Does your company require employees to wear uniforms? If so, are they well-defined uniforms that create an identical look across the workforce? Or are the rules more relaxed — only requiring employees to all wear the same colors, for example?
Whenever the topic of work uniforms comes up, discussions about fashion are usually not far behind. Employees who are expected to wear uniforms certainly do not want to be saddled with clothes that they perceive as unfashionable. On the other hand, employers are not necessarily looking to embrace the latest fashion trends when implementing a uniform program. The tricky part is coming up with a uniform everyone can be happy with.
Fast Company’s Elizabeth Segran wrote an interesting article published in mid-June 2019; it featured the story of a professional interior decorator who has been wearing the exact same uniform for the past 20 years. Hers is a self-imposed uniform, consisting of a black boatneck top and a pair of jeans.
The decorator, Susan Sorokanich, did not set out to impose upon herself a uniform standard at the beginning. She was out shopping and found a new black top that she liked. In fact, she liked it so much that she went back and bought a few more. It was not long before she discovered that wearing the same articles of clothing every day was benefiting her as a decorator.
One of the lessons she learned from her uniform was that she was no longer spending so much valuable time worrying about her wardrobe or trying to figure out how she was going to dress on any particular day. There were never any questions. Every workday she would dress in her favorite black top and blue jeans and be done with it. It was easy.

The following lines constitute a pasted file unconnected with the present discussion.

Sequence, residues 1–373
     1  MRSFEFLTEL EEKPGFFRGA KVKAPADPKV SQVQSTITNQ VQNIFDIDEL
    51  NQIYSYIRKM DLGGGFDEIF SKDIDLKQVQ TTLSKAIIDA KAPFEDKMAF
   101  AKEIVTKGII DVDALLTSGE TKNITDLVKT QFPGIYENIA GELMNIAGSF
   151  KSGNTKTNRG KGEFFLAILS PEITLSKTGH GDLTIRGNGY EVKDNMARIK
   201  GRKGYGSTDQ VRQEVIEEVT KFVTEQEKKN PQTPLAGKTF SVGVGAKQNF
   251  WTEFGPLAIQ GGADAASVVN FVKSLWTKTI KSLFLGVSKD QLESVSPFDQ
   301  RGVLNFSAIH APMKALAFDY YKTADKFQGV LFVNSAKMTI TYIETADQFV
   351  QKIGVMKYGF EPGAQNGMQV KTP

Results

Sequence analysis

Sorokanich also discovered that societal norms held different standards for men and women. She discovered that men can wear essentially the same look every day and never be questioned. Not so for her. Her colleagues began wondering, and some even asked, why she wore the same outfit every day. Some wondered if she was letting herself go.
Sorokanich’s uniform is somewhat informal. By that we mean that it is not a company uniform imposed upon all employees. It is simply a top and a pair of jeans that anyone could buy off of the shelf and wear to work. A company uniform is different in that it is designed for the job. It is a uniform that also tends to align with the company’s branding in terms of color, logos and so on.
Company uniforms solve both of the issues addressed earlier in this post. First, they eliminate the need for workers to be conscious about their own fashion choices. Employees do not have to stare blankly at their closets every morning wondering what to wear to work that day. They do not have to worry about whether their outfits fit current fashion trends.
Company uniforms also level the playing field between men and women. Because all are dressed identically, employees are less likely to have perceptions about one another based on attire. There are no double standards.
It’s difficult to talk about company uniforms without talking about fashion as well. But perhaps it is time to look at the fashion question from a different perspective. Maybe it is less about whether uniforms adhere to the latest fashion trends and more important to acknowledge that uniforms mitigate the need for workers to be slaves to modern fashion. If you’d like to talk about outfitting your company in uniforms, give Alsco a call.